There are a few companies who specialize in repairing/reconditioning those old Hammonds. I dunno where they get the tubes, but maybe somebody, somewhere is still making tubes for them? It could, I suppose, be modestly lucrative, given that traditional attachment to the old Hammonds that seems to range across just about all of Protestantism. And no decent organist is happy with a pedal clavier that has fewer than two octaves.

And then there are still some people who play them in entertainment venues. There’s even a specially designed dolly (“handtruck” for those who learned a different terminology) for moving those big Hammonds. Necessary, IMO, to avoid damaging both human backs and the organs themselves. Those suckers are heavy, as well as unwieldy.

Those old Kimballs - and Baldwins, etc. (it was a big market, and all the organ makers tried to get their piece of it - even companies that were in related fields, IIRC), all the ones with only a single octave pedal clavier (13 pedals) have no attraction at all (see above) for someone who actually knows how to play an organ. All we get from the effort is frustration. That’s why they’re basically un-sellable. They take up too much space, and they’re not as versatile as modern keyboards. You can see pages of them on eBay, any day.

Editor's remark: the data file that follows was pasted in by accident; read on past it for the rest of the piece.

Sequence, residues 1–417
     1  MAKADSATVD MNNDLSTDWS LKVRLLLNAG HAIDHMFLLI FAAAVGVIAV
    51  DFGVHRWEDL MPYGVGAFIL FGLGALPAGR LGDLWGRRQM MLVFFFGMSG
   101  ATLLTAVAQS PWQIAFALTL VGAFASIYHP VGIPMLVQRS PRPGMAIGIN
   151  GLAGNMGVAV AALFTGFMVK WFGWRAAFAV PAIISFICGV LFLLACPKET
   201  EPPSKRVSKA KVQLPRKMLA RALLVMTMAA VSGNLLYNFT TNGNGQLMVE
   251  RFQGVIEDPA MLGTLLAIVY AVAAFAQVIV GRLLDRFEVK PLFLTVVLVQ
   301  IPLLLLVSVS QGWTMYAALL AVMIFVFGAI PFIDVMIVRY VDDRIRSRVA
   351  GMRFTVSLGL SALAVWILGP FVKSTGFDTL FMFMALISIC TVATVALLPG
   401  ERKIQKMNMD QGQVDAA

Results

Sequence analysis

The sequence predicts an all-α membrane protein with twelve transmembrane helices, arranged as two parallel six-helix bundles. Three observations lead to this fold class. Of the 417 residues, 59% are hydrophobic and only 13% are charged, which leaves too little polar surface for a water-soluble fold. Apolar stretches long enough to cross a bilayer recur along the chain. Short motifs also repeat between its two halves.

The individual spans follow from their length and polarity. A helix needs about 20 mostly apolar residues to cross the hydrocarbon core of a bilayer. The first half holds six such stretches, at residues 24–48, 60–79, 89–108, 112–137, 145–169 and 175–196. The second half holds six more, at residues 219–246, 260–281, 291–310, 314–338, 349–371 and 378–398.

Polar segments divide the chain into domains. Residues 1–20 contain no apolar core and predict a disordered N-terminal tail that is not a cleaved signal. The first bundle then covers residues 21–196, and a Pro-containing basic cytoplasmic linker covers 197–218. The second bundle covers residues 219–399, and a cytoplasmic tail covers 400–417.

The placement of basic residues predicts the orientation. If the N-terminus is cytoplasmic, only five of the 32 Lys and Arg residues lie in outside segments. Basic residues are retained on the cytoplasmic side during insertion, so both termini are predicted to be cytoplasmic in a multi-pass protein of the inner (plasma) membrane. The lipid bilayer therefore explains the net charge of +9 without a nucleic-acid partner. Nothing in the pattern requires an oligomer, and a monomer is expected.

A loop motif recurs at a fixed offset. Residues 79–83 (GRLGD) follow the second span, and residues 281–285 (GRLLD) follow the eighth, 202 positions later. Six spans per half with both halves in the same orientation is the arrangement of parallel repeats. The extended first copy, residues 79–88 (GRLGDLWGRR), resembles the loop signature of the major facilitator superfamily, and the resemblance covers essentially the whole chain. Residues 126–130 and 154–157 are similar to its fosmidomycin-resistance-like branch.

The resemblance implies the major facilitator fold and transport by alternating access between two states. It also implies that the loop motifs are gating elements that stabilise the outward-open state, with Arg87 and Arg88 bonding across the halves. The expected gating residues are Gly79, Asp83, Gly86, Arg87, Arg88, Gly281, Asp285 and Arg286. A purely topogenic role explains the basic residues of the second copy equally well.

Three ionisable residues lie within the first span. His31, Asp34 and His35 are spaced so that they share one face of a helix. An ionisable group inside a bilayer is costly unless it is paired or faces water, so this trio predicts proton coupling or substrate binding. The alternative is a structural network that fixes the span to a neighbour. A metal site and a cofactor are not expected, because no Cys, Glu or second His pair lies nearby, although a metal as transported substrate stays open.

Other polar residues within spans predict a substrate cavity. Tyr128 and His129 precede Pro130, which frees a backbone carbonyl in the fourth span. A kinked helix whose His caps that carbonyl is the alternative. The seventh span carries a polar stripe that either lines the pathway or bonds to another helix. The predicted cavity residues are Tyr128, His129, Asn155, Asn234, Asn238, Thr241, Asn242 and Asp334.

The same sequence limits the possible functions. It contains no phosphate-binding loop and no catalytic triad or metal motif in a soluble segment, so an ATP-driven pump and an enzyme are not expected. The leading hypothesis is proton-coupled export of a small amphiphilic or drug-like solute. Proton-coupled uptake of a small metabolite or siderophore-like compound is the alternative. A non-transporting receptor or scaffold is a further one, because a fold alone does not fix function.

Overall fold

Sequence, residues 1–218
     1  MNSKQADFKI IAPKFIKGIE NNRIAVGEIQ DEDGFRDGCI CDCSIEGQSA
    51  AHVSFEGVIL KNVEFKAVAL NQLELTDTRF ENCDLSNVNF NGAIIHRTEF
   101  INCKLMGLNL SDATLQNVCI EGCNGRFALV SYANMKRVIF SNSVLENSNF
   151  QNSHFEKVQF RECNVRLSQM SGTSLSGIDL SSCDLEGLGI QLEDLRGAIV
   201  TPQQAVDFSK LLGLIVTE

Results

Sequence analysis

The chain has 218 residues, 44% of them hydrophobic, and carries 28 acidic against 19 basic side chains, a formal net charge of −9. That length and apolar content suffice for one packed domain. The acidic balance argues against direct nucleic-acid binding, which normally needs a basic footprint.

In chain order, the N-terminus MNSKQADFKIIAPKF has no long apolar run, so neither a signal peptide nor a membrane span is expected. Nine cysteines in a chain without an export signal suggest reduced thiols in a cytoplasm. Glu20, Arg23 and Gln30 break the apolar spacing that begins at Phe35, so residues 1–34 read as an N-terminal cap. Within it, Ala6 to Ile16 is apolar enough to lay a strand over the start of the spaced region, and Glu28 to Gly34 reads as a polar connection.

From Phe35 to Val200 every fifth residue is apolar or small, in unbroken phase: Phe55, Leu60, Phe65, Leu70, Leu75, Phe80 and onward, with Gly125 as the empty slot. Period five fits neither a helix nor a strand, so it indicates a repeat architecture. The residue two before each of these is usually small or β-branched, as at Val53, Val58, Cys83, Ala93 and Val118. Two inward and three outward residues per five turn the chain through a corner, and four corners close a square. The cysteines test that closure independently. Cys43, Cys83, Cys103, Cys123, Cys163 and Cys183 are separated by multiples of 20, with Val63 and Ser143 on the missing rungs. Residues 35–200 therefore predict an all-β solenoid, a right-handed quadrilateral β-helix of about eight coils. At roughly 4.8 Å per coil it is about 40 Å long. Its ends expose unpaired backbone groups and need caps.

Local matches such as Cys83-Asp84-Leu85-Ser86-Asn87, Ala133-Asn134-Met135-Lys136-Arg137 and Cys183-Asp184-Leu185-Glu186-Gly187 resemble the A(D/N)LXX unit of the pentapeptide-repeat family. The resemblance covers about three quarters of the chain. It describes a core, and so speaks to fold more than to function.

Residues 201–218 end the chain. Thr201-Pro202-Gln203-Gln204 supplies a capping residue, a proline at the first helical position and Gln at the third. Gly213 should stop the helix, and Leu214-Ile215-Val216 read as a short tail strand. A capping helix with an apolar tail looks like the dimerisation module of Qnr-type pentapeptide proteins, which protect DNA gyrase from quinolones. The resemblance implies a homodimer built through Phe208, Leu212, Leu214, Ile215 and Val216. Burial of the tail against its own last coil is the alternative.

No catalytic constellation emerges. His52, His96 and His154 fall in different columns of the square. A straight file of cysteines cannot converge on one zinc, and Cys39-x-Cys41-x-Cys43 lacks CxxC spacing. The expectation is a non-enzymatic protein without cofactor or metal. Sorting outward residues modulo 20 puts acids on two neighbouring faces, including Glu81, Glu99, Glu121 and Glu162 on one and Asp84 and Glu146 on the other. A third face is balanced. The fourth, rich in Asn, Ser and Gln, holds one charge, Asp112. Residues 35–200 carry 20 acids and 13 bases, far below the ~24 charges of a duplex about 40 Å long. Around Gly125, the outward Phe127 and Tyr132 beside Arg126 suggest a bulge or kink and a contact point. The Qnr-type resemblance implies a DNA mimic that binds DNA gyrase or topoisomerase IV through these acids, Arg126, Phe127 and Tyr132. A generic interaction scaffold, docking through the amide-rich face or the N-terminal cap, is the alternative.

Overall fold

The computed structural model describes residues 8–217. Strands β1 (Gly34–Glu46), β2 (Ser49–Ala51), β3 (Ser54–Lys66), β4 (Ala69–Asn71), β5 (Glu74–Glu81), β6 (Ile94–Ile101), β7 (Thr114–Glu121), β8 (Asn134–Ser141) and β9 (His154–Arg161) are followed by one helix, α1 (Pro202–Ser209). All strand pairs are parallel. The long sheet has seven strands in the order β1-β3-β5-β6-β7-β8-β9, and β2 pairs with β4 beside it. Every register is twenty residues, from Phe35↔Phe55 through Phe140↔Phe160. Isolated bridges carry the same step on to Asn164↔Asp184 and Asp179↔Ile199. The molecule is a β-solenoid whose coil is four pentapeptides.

As a church organist, I often get a call from someone wanting to donate one of those things on the church. I used to suggest calling a funeral home, but no more! Because I have had to play one or two at funeral homes! Disaster!

Once my friend had to play one at a funeral and another friend was going to sing. Because it was a school snow day they barely got there on time and didn’t have and time to rehearse. The oom-pah-pah rhythm was on and my friend could not figure out how to turn it off. It sounded pretty strange with Ave Maria or whatever it was that was sung.

No one wants it–don’t bother to try to sell it unless it actually has a full pedalboard (32 pedals, radiated out and convex, or at least 25). If it has a full pedalboard you might find an organist who would want it at home for practice.

We never had a home organ, but I was fascinated by them and used to play them when visiting friends who had one.

Hammond: Too heavy, damned hard to move, hard to connect up to modern recording equipment. Stopped being manufactured in the mid-1970s. The Hammond tonewheel sound is now being replicated digitally on so-called “clonewheel” DSP keyboards.

Lowrey: Continues to be manufactured to this day. Typical buyer probably has a median age of about 65-70.

Thomas: Out of business 1979.

Wurlitzer: Keyboard division purchased by Baldwin Piano and Organ in 1988. Baldwin itself was later sold; it now owned by the Gibson Guitar Company.

Rodgers: Still in business, but now a subsidiary of Roland.

Technics: Once manufactured digital organs, but no longer. The brand still exists as a subsidiary of Panasonic and Matsushita.

I always wanted one, but never had the bread to buy it when they were popular. So when I got a call from someone who had a mint-condition Wurlitzer, wanted to dump it but couldn’t find a church that would take it, I accepted the offer. That’s how I got my 950.